THE MASS MARKETED history of England has pretty much only focused on the high and the mighty. Kings, colonialism and, mainly, Churchill.
Here’s a much needed antidote.
Peterloo was the massacre of the innocents. In 1819, a vast crowd of peasants and workers, many unemployed, many starving and bent under the yoke of recently passed Corn Laws, gathered together peacefully in St Peters Field in Manchester. They’d come together to listen to radical orator Henry Hunt (Rory Kinnear) and to press for better Parliamentary representation. Their lords and masters, contemptuous and threatened by the fear of a French Revolution on English soil, unleashed the 15th Hussars to scatter the crowd. These sword-wielding, bayonet-piercing, possibly drunk Hussars charged the crowd like the wolf unto the fold and wrecked havoc.
Director Mike Leigh (Mr. Turner, Vera Drake) seeks to make the obvious point that, to a certain class of people (i.e the present British government) the ordinary folk continue to be feared and demonised. Peterloo’s “unruly mob” is today’s “hoard” of benefit abusing shirkers…to be put down at any cost.
This is an important side of the rich tapestry of the English identity that needs to be a part of the national conversation. But Leigh isn’t the person to do it. Here the story has overwhelmed its teller. Leigh’s ideological passion is so strong that this shoddily told tale never rises above the level of a well-illustrated History Channel lesson.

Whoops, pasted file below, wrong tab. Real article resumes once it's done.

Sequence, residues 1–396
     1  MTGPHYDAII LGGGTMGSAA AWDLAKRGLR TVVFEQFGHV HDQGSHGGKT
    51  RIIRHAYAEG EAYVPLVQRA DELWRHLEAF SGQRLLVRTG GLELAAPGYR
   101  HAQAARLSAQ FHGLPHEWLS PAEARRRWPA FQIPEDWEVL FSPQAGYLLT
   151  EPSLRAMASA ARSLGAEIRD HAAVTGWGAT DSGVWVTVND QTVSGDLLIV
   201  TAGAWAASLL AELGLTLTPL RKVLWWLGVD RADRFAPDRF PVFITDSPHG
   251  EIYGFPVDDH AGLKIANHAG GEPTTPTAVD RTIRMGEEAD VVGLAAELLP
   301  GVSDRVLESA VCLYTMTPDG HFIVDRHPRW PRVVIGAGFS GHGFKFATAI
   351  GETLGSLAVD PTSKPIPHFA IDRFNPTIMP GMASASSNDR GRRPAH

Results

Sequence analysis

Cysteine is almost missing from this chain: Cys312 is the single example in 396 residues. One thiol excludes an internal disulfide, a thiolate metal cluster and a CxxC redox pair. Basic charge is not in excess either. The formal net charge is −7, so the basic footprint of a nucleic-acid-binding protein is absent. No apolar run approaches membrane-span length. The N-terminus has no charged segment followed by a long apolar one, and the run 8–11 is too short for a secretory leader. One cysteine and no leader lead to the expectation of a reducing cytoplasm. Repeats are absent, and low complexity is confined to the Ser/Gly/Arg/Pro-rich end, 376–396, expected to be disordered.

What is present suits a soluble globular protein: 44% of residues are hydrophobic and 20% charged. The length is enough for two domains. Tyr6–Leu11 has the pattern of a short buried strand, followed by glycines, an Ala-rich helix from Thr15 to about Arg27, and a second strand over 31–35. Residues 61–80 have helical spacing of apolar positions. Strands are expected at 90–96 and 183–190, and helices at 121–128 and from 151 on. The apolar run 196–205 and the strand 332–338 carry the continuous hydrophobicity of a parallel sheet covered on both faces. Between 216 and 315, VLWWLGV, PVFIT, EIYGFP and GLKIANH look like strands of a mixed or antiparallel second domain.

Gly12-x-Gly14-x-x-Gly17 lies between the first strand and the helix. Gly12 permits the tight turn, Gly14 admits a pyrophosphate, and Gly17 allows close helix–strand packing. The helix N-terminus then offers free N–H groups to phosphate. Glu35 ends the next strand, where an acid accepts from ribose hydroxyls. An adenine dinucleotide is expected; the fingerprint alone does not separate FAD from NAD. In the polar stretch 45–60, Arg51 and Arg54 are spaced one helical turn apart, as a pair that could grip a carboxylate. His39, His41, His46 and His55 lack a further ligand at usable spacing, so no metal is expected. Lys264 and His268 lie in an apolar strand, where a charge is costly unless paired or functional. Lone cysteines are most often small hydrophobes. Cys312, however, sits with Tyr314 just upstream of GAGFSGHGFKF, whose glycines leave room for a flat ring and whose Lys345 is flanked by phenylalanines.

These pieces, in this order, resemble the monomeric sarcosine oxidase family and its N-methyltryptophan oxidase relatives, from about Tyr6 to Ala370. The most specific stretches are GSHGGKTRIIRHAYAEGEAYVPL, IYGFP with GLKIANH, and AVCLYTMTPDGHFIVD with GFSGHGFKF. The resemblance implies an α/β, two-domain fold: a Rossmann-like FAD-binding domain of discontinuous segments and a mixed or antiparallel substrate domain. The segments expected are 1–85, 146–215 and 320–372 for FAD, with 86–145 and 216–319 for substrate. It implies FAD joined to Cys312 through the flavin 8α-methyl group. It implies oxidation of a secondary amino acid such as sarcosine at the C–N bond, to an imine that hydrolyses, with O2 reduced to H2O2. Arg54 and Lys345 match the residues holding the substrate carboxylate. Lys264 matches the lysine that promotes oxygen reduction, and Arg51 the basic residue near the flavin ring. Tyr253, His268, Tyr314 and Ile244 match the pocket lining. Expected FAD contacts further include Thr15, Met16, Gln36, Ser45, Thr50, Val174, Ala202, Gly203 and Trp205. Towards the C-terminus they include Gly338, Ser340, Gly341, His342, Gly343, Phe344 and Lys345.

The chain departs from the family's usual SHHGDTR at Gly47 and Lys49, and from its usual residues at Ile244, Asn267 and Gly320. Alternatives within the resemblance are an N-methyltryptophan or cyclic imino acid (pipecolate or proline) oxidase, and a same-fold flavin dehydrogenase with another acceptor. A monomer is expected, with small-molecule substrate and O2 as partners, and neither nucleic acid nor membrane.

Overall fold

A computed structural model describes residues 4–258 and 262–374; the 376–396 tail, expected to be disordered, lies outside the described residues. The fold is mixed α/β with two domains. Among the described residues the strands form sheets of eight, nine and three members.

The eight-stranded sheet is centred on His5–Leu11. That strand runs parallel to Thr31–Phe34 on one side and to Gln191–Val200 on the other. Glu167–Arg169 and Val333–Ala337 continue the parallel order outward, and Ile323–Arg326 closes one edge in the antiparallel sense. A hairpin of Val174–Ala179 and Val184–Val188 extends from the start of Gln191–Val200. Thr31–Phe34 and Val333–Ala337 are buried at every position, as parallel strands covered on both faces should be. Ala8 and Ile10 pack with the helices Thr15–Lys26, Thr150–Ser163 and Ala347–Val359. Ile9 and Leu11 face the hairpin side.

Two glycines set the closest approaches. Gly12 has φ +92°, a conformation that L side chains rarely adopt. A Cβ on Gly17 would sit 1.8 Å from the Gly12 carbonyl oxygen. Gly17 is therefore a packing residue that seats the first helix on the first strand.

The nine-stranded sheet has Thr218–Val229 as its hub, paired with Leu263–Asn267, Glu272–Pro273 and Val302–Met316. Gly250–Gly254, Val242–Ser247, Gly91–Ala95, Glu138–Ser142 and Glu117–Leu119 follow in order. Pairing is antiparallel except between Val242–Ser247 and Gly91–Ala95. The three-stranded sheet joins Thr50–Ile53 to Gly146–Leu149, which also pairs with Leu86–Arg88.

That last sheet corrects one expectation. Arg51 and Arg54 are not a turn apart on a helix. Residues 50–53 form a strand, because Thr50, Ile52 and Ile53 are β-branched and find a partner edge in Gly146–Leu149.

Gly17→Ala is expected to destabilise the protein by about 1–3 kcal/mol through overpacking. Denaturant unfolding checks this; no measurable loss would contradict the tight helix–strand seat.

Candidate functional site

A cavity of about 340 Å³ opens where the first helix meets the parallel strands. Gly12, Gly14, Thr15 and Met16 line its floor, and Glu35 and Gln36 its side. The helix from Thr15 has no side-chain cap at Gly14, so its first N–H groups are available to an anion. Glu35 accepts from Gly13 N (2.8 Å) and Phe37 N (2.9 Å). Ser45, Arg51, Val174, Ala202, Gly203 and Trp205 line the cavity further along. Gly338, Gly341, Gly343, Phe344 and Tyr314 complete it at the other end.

We expect art…our artists… to engage and transform us through credible characters that make us give a damn, and through the selection (and omission) of detail whose careful storyline construction forms a dramatic arc that has the power to seduce us into the heart of the artist.
No such luck with Peterloo. We’re offered a series of strident speeches by various, often anonymous, talking heads, many of whom never reappear. (A small mercy). These “good guys” are contrasted with the “bad guys”: nasty boo-hiss villains, dripping with contempt and malevolence. Their ultimate leader and moral force is the prince regent. He’s clearly the symbol of the Royal family, the upper class and ALL THAT’S WRONG. He’s fat, effete and degenerate.
Maxine Peak as an archetypal downtrodden but unbowed woman trying to earn a few extra shillings for her destitute family, and Kinnear as the pompous, vain Hunt try their best to bring some humanity to the history lesson. But even their skills are overwhelmed by Leigh’s thudding self-righteous solemnity.
This is Leigh’s undigested history: it’s about the French Revolution, The Napoleonic War, the Corn Laws, the dark Satanic cotton mills, capitalism, the feckless upper classes, working class nobility v upper class entitlement, starvation, unemployment, and more. The rich look pampered and powdered. The poor all look dumb and degenerate. All in six hours (OK, it’s only two hours but it felt like six). Six pounds of stuff in a two pound bag!
And nary a thread to knit it all together seamlessly
Now, let’s be clear, I’m on Leigh’s side politically.
But as art, this movie’s a dud.
PETERLOO. Dir (and writer): Mike Leigh. With: Rory Kinnear, Maxine Peake, Neil Bell. Cinematographer: Dick Pope (Mr. Turner). Production designer: Suzie Davies (On Chesil Beach)